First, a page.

Audience Engagement Digital Innovation Top Stories
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Can DAOs narrow the gap between publishers and their audiences?

If you don’t subscribe to Brian Morrissey’s newsletter, can we recommend you do? Morrissey is the President/EIC at Digiday Media and his Substack newsletter (The Rebooting) picks out trends months before his Digiday colleagues have even got a sniff of them.

Fast forward to summer 2021 and Morrissey has correctly identified DAOs as something publishers should keep an eye on. What’s a DAO? Decentralized autonomous organizations are an entity with no central leadership where decisions get made from the bottom-up, governed by a community with a passionate interest in the subject matter. Importantly, they are organized around a specific set of rules enforced on a blockchain – Coin Telegraph describes them as ‘internet-native organizations collectively owned and managed by their members’.

What’s this got to do with publishing? Decrypt, the blockchain and crypto website founded in 2018 with backing from ConsenSys, the NY-based Ethereum infrastructure company, is using a DAO to give its audience a voice in the content the media brand produces (the crypto world, in general, has been experimenting with DAOs as a way to involve their communities in the decision-making process but not media brands).

In our latest experiment, Decrypt is looking to reward our NFT holders by giving them a bigger say in the educational content our editorial team produces next. 

Matt Hussey, Co-founder, Decrypt

Decrypt used a platform called Snapshot, a voting tool used by many crypto projects to poll their user bases. Users simply connect their wallet to Snapshot’s website and it allows a vote to be cast on any open proposals on the site:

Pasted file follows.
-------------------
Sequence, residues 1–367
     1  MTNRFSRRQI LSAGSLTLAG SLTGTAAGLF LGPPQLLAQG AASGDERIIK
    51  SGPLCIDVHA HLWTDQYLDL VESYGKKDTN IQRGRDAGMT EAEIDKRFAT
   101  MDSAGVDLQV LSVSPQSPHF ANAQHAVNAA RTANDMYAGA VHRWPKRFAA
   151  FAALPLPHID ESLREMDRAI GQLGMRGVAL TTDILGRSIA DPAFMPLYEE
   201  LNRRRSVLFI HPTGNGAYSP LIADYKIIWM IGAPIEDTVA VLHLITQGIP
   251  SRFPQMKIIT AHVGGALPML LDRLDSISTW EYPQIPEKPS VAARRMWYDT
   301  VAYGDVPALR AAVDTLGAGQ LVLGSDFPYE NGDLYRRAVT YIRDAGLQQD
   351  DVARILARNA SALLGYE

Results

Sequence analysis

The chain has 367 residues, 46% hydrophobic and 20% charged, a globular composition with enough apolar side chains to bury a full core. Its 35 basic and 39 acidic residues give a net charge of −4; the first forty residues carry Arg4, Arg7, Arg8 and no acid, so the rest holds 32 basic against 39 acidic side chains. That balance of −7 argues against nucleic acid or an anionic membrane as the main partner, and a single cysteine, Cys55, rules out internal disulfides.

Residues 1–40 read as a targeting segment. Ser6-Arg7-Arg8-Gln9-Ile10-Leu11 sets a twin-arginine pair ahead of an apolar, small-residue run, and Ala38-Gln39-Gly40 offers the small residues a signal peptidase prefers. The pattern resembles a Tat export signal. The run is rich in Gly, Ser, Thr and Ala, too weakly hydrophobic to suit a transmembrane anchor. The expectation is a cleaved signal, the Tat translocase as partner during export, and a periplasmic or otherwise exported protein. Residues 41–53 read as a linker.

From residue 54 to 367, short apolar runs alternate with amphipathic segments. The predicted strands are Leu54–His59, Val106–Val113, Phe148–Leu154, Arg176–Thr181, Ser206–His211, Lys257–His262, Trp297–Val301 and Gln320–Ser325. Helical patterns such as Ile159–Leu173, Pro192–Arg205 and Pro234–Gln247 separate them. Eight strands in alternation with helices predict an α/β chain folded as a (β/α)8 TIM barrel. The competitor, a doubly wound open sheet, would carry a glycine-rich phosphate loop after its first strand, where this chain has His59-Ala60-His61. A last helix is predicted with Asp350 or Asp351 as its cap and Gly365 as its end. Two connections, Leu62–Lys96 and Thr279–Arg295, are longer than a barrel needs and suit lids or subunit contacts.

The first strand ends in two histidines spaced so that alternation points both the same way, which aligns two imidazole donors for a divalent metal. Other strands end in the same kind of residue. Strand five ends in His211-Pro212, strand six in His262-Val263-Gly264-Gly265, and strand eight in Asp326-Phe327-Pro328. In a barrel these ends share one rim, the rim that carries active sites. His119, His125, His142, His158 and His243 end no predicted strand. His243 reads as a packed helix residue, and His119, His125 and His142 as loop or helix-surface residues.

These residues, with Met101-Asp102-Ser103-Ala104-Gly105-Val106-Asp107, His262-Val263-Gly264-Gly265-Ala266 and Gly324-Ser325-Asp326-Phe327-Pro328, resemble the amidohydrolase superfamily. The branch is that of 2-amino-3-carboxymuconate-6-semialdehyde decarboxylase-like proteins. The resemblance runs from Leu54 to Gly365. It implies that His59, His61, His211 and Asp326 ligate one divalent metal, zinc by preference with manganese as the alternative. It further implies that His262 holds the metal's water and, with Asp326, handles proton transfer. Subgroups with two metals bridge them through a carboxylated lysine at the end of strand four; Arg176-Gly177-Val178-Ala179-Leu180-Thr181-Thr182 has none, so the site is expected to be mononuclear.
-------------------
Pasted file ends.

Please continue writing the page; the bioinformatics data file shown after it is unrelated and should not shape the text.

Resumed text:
Where Snapshot scores highly is that it allows projects to seek out their most dedicated members who hold the chosen cryptocurrency and asks them to make decisions. By ensuring it only involves committed members, voters tend to have the best interests of the project at heart.

Decrypt’s Discord channel was then used to invite readers to participate in the Snapshot poll, giving a selection of potential articles to choose from. Here’s a grab from Decrypt’s own website:

The campaign ran for fourteen days and 10% of Decrypt’s NFT holders (earned by reading and sharing articles) voted in the poll, a percentage which according to Hussey mostly matched expectations. You can read Decrypt’s first DAO-selected article here and Decrypt says it will be running further experiments to ‘bring Web3 technologies to our millions of readers’.

It’s still early days but, as Morrissey writes, DAOs ‘hold the promise of changing the dynamic between owners, creators and audiences’. What muddies the water slightly is that the precise legal status of DAOs is still being thrashed out although DOAs aren’t alone in that regard – much of the blockchain space is a grey area with the SEC’s action against Ripple Labs a prime example of how Government legislature is struggling to come to grips with blockchain tech. That said, on July 1, 2021, Wyoming became the first state to recognize DAOs as a legal entity, so events are moving fast.

Watch this space.

(Editor’s note: Matt Hussey has left Decrypt and now works for blockchain infrastructure specialist NEAR Protocol)